A federal court has refused to dismiss a suit by an officer who was not allowed to work during gestation, even though her condition might have posed a danger to the fetus and the public. The officer had requested restricted duty because she feared that her regular duties would expose her to physical danger and loss of the fetus.

     When she was denied light duty, she filed an EEO complaint. Management claimed it lawfully reacted to a fear of liability to her and third parties, in light of the Supreme Court's decision in UAW v. Johnson Controls, 499 U.S. 187 (1991). In Johnson Controls, the employer had a policy forbidding women from working in positions that exposed them to lead concentrations, which could be harmful to a fetus.

     The Supreme Court held that a policy which discriminates against fertile women, but not fertile men, violates Title VII and the Pregnancy Discrimination Act. The justices said that if pregnant employees differ from others in their ability to work, they could be treated differently. Otherwise they must be treated the same as other employees for all employment-related purposes; 499 U.S. 187 at 204; 111 S.Ct. 1196 at 1206.

     In this case the court dismissed the NYC Transit Authority as a defendant, but said the superintendent of police was not entitled to qualified immunity from the officer's equal protection claim.

     Management "should have requested that [she] sign a waiver, as suggested by Johnson Controls, and that she be fully evaluated -- physically and psychologically -- by their own personnel to determine whether, in light of her and her doctor's notes, she was able to do her job."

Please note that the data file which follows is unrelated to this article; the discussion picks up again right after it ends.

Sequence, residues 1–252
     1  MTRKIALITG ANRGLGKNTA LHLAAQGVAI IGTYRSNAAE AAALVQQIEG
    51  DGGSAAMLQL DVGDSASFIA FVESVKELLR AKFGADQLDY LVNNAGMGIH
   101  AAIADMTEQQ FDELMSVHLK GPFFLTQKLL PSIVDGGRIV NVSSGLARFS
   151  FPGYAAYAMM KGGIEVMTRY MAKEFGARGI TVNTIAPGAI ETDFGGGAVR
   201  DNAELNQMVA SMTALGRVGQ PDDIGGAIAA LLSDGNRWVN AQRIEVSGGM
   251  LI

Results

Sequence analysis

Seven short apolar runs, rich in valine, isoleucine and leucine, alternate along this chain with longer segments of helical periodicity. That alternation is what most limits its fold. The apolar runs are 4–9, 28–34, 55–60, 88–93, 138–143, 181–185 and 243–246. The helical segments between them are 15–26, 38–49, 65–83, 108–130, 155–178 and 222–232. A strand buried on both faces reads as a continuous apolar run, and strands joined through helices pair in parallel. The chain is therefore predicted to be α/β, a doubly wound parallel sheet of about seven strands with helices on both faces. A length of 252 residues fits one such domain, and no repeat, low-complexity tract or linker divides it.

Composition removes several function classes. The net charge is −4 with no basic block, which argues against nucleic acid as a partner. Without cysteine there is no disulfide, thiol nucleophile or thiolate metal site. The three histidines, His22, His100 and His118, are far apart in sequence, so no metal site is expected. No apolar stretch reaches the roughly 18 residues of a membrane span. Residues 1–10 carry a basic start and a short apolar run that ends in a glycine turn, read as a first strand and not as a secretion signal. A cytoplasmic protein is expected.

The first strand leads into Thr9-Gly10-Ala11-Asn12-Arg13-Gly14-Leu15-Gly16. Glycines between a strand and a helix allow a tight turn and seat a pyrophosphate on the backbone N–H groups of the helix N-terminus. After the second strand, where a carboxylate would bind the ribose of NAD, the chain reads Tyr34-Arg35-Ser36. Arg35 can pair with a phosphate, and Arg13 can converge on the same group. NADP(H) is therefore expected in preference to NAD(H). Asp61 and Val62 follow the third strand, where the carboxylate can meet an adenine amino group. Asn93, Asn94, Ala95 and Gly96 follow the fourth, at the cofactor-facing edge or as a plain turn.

Instead of addressing the problem head on, management created a confusing chain of events, which implicated possible unlawful discrimination, by not allowing her to work due to an impermissible motivation (protecting her and the fetus). Dimino v. NYCTA, 64 F.Supp.2d 136, 1999 U.S. Dist. Lexis 14137 (E.D.N.Y.).

Privacy Rights

Illinois Appellate Court recognizes a cause of action for the tort of invasion of privacy where investigators, who posed as coworkers, exceeded their duties in seeking information on theft and drug use.

     Although the case arose in the private sector, the decision could apply to law enforcement agencies that cooperate with private employers who report pilferage or drug sales by their workers. A retail store distribution center that employs 500 employees engaged private investigations to gather information on theft and drug use.

     One investigator posed as a janitor; another was assigned to work in the repacking section. They were asked to detect "theft, sabotage, safety, and drug use." They sent written reports that contained information of:

     (1) Employee family matters (criminal conduct of employees' children, incidents of domestic violence and impending divorces);

     (2) Romantic interests/sex lives (number and gender of sexual partners);